Style: Heavy/Thrash Metal
Release Date: 2 Oct 2020
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Iron Angel seem to be getting serious nowadays. This German heavy/power/speed/thrash metal band were a favourite of mine back in the mid-eighties, with Hellish Crossfire a fantastic debut album (and this reminds that I haven't heard Sinner or Rush of Power in decades; I need to remedy that as soon as this review is done), but they never became prolific. Formed in 1980 as Metal Gods, they managed one more studio album before splitting up in 1986. They got back together for a decade over the turn of the millennium but that period didn't prompt a new release. However, they've been back again since 2015 and this is their second new album already, after 2018's Hellbound.
The main man is Dirk Schröder, who's been the vocalist throughout the band's history. The rest of the band are recent additions, all of whom showed up after the latest reformation; the only one I run any chance of having heard elsewhere is bassist Didy Mackel, who also plays for Not Fragile. Schröder is a quintessential power/thrash singer, but then he ought to be because he helped to forge the template. His voice is clean but with rough edges, like it's been seriously lived in. Iron Angel always stayed more on the thrash side of that power/thrash balancing beam than other German pioneers like Helloween.
I liked this immediately and enjoyed it throughout but it hasn't grabbed me the way that the band's debut did. It's heavy and it's fast and it's powerful, just as it ought to be, clearly influenced by Judas Priest, especially in the merging of power and melody, but ramped further into speed metal than the Priest ever went, even on Exciter. What I found here that I don't remember is a Saxon influence. While the twin guitars of Robert Altenbach and Nino Helfrich echo the Priest in their solos, Saxon and Iron Maiden creep into the riffs and I caught an occasional Biff Byford vocal melody.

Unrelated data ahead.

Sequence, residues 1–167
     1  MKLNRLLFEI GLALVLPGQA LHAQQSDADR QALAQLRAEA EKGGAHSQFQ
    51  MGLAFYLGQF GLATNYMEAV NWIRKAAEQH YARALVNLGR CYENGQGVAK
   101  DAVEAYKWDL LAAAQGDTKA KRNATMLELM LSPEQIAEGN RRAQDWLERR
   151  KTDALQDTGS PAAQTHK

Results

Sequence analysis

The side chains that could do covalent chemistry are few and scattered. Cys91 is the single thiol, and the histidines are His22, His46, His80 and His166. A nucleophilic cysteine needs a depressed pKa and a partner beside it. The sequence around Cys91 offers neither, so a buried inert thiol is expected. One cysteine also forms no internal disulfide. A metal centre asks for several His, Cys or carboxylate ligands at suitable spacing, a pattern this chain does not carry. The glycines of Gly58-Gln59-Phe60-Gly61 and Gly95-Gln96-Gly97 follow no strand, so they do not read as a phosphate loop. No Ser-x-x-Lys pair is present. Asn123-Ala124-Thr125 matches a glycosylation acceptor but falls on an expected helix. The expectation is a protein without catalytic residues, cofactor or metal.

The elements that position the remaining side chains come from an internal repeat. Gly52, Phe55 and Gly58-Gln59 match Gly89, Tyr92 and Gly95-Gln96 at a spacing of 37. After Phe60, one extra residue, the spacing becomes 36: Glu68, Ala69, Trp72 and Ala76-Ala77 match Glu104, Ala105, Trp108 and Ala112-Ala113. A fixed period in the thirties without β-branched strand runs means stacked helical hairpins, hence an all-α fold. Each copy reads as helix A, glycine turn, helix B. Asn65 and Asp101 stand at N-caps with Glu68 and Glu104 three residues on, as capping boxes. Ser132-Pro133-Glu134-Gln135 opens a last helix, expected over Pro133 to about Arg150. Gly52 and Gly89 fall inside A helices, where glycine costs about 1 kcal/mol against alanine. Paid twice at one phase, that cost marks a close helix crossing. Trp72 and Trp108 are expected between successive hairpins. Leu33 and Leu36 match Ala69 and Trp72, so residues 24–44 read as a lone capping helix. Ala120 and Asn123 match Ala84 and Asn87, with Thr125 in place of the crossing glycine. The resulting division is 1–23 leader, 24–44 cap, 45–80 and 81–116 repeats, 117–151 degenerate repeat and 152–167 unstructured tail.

It's most apparent in the mid-paced songs, the Saxon influence most obvious on Bridges are Burning and the Maiden on What We're Living For, which could be a lost Somewhere in Time era track in a very natural heavier cover version. This latter is the Iron Angel I remember best, both commercially viable and reliably frantic, because mid-pace for Iron Angel is fast for many other bands. What We're Living For is the highlight of the album for me, though the similarly Maiden-infused title track comes close, especially with its exotic midsection. This is a band that still plays Powerslave on a regular basis.
The faster songs, like the pair that kick us off in energetic style, Sacred Slaughter and Descend, bear a far more to be expected Accept feel, again at their fastest: think Fast as a Shark instead of Princess of the Dawn. As the album runs on, the band effortlessly shift back and forth between the English heavy metal style of the early eighties and the German speed/thrash metal that grew out of it: a galloping Maiden twin guitar assault here, a Accept classical nod there. And, of course, there's always the sheer energy that's so evident in Teutonic thrash.
It's a good sound to have and I kept on enjoying this across multiple listens. While fewer songs grab in the way that I'd hoped, none of them get old quickly or, thus far, at all. I'm three listens in and each of the eleven songs on offer still sound fresh in my mind. In fact, every time Dark Sorcery ends, I find myself in a sort of vacuum, wondering why we're not just rolling on to the next song. And my reaction to that has always been to press play again because this is strong stuff.
My next step, after listening to this another time or two, is to seek out Hellbound because I see that it's been well received and, if it's anything like this, I'll happily immerse myself once more in new Iron Angel material. Suddenly, 1986 doesn't seem quite so far away and, to me, that's often a good thing.
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